Face front... Lift your head... You're on the winning team... 'NUFF SAID! You belong, you belong, you belong, you belong to the Merry Marvel Marching Society. March along, march along, march along to the song of the Merry Marvel Marching Society. If you growl, if you groan, and your star is nearly zero, do not howl, do not moan, you can be a superhero, marching right along to the fighting song of the Merry Marvel Marching Society. Stand a little straighter. Walk a little prouder. Be an innovator. Clap a little louder. Grow forever greater. We can show you how to. Where will you be then...."
Above and to the right are additional items included in the 1967 membership kit. The "Merry Marvel Messenger" was a newspaper item that featured bios of the Bullpen staff, news & gossip, trivia, and sneak previews for MMMS'ers only. (Click on the image for a much larger image). Basically, it was an extension of what a reader might find in the regular Bullpen Bulletins. The other item is (you guessed it) Marvel Stickers which could be stuck to practically anything (or anywhere) - much to the objection of more 'mature' adults (and a few DC collectors).
And speaking of Marvel Bullpen Bulletins, which were a staple in the Marvel titles of the 60s, there is a website which features large scans of each Bulletin from December 1965 through January 1971. So, if you don't want to ruin your collection or just can't afford to buy all those back issues but would still like to see what was actually going on during those wild times, I highly recommend this site. Its a great way to spend a rainy Saturday afternoon.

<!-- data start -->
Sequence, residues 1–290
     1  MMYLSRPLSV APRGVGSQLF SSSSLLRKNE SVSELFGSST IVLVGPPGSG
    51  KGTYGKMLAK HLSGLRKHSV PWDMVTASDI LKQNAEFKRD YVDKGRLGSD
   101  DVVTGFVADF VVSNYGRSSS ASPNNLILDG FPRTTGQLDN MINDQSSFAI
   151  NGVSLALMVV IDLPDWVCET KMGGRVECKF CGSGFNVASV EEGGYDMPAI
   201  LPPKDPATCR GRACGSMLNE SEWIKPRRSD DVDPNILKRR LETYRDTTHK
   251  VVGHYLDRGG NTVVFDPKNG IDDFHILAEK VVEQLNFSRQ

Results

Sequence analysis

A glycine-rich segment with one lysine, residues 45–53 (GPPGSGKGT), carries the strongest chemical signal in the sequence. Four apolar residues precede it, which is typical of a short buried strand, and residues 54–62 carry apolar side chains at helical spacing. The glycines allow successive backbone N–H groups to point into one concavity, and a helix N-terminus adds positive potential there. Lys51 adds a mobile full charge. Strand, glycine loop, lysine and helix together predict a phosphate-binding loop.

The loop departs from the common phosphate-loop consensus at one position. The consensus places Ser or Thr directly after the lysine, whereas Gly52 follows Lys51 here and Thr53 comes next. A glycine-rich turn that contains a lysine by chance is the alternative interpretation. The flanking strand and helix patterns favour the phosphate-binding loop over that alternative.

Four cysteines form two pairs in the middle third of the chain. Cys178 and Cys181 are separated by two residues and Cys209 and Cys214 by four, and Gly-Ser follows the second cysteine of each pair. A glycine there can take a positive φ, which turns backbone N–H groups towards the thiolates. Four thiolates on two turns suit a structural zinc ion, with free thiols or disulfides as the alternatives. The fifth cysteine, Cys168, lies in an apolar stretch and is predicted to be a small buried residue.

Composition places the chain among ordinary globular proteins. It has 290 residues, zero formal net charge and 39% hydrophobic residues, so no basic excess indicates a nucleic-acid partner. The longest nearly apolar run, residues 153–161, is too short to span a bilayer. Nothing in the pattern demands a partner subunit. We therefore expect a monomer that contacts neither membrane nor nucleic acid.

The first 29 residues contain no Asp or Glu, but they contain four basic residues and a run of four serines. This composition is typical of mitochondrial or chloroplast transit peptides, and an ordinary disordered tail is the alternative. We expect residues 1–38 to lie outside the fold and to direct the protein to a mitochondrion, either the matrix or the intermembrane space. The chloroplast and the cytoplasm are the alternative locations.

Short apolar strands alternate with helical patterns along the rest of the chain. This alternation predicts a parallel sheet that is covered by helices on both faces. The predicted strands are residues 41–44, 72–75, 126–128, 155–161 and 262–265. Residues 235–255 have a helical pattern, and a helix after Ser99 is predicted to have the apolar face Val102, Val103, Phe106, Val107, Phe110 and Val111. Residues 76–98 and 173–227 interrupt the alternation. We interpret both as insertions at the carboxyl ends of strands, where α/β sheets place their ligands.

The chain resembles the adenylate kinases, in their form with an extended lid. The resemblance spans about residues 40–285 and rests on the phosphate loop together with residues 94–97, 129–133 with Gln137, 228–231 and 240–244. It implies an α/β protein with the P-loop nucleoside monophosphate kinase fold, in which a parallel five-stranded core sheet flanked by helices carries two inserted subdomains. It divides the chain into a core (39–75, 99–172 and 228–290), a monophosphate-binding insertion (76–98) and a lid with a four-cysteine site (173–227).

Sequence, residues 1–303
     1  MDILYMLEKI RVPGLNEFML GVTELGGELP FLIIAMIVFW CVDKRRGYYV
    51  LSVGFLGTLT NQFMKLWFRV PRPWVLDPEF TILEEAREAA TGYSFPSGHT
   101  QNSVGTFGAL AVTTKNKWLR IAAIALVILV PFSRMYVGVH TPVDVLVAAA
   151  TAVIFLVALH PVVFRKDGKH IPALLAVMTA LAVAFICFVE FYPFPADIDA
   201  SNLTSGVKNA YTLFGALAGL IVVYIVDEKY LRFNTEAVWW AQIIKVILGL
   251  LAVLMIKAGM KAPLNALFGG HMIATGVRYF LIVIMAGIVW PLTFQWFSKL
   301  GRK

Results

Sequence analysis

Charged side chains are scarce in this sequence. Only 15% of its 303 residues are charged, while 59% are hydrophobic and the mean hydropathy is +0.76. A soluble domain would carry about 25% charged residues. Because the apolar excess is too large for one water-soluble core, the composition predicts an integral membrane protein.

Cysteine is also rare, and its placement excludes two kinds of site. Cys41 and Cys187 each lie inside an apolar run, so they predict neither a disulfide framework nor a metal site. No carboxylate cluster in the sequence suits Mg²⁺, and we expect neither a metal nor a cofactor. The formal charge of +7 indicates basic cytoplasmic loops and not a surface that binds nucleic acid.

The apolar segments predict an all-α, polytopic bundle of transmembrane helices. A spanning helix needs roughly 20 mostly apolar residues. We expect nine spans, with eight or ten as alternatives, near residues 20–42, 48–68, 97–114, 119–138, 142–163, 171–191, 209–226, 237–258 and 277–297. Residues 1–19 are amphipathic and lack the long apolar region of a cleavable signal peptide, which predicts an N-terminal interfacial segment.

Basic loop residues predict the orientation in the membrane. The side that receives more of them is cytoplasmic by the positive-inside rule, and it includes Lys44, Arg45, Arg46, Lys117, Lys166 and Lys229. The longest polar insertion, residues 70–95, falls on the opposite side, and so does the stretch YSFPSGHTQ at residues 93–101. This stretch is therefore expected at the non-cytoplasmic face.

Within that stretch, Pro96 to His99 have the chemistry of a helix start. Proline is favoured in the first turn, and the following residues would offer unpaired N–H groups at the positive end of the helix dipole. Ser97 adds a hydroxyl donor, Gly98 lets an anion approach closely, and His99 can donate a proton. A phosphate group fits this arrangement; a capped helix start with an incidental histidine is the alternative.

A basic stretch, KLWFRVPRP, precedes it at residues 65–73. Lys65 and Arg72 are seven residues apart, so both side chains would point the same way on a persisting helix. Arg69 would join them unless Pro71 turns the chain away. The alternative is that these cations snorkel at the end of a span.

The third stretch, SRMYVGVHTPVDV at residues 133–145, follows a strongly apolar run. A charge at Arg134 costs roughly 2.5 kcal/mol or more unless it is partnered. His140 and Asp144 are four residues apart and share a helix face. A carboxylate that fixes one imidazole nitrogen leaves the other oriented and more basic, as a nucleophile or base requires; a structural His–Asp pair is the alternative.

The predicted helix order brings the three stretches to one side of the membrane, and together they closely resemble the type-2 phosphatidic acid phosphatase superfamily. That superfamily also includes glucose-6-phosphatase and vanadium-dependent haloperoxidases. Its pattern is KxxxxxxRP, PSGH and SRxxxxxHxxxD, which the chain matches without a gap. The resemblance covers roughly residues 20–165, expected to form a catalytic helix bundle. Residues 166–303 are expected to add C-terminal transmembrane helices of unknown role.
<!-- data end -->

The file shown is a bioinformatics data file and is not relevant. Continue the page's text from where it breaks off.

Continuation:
F.F. ad promoting MMMS (1968)
As the new decade of the 70s approached, the M.M.M.S. slowly disappeared into the Negative Zone but Marvel Comics continued to promote new fan clubs such as the ill-fated Marvelmania International and F.O.O.M. (Friends of Old Marvel). While Marvel experienced varied degress of success with these fan clubs, they were not the first to initiate them.
DC's "The Junior Justice Society” and the “Supermen of America” clubs date back to the 1940s; the latter lasting well into the 1960s. For ten cents, a subscriber received a certificate, a decoder, a pin-up poster and other miscellaneous collectibles. Supermen members found “top secret” messages (usually about upcoming stories) in various issues that only they could decode. DC entered the fan club arena again in 1977 as the Marvel output was nil but their readership didn't bite. Membership applications were printed for a dozen different chapters ready to be mailed out to any and all who responded. Despite the ads in the books, response was minimal and the concept was quietly swept under the rug and dismissed.